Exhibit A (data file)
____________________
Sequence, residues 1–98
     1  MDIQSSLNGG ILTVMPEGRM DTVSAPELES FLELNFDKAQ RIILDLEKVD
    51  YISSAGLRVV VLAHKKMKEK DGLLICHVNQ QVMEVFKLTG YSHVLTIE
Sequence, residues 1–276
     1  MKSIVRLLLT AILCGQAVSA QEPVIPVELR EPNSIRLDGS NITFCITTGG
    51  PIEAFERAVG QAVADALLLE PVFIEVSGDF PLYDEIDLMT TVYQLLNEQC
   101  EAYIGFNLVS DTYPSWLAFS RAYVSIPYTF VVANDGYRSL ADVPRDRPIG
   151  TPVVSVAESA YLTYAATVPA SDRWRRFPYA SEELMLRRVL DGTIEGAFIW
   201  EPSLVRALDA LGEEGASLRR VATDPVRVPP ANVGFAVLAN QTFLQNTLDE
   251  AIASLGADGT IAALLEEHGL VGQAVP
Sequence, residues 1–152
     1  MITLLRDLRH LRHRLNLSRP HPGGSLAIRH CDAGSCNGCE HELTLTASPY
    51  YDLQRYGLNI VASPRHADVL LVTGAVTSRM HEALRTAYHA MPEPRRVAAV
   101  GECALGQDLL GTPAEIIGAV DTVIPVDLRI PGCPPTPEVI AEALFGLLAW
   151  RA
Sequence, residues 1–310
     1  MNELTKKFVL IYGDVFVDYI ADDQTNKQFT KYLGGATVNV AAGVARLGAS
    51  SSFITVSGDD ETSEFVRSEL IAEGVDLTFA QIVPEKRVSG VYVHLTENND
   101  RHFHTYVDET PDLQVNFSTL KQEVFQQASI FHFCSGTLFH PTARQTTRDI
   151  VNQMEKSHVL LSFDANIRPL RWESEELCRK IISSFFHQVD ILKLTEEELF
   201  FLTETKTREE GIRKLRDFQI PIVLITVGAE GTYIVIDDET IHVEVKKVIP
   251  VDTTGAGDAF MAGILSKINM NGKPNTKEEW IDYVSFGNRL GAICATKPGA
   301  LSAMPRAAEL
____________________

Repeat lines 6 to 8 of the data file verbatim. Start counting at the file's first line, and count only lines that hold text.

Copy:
    51  PIEAFERAVG QAVADALLLE PVFIEVSGDF PLYDEIDLMT TVYQLLNEQC
   101  EAYIGFNLVS DTYPSWLAFS RAYVSIPYTF VVANDGYRSL ADVPRDRPIG
   151  TPVVSVAESA YLTYAATVPA SDRWRRFPYA SEELMLRRVL DGTIEGAFIW